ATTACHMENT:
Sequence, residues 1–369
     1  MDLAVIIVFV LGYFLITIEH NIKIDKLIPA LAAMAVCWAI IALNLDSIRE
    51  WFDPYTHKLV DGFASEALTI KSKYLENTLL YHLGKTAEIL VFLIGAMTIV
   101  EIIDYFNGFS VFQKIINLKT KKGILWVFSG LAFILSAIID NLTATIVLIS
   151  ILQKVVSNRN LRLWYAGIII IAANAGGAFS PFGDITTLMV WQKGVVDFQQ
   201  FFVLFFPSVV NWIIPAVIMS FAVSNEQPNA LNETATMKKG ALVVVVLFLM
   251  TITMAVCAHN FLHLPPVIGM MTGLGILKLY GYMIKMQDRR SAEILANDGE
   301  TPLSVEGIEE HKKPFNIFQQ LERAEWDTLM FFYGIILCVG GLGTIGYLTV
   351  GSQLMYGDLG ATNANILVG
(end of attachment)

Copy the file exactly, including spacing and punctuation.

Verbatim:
Sequence, residues 1–369
     1  MDLAVIIVFV LGYFLITIEH NIKIDKLIPA LAAMAVCWAI IALNLDSIRE
    51  WFDPYTHKLV DGFASEALTI KSKYLENTLL YHLGKTAEIL VFLIGAMTIV
   101  EIIDYFNGFS VFQKIINLKT KKGILWVFSG LAFILSAIID NLTATIVLIS
   151  ILQKVVSNRN LRLWYAGIII IAANAGGAFS PFGDITTLMV WQKGVVDFQQ
   201  FFVLFFPSVV NWIIPAVIMS FAVSNEQPNA LNETATMKKG ALVVVVLFLM
   251  TITMAVCAHN FLHLPPVIGM MTGLGILKLY GYMIKMQDRR SAEILANDGE
   301  TPLSVEGIEE HKKPFNIFQQ LERAEWDTLM FFYGIILCVG GLGTIGYLTV
   351  GSQLMYGDLG ATNANILVG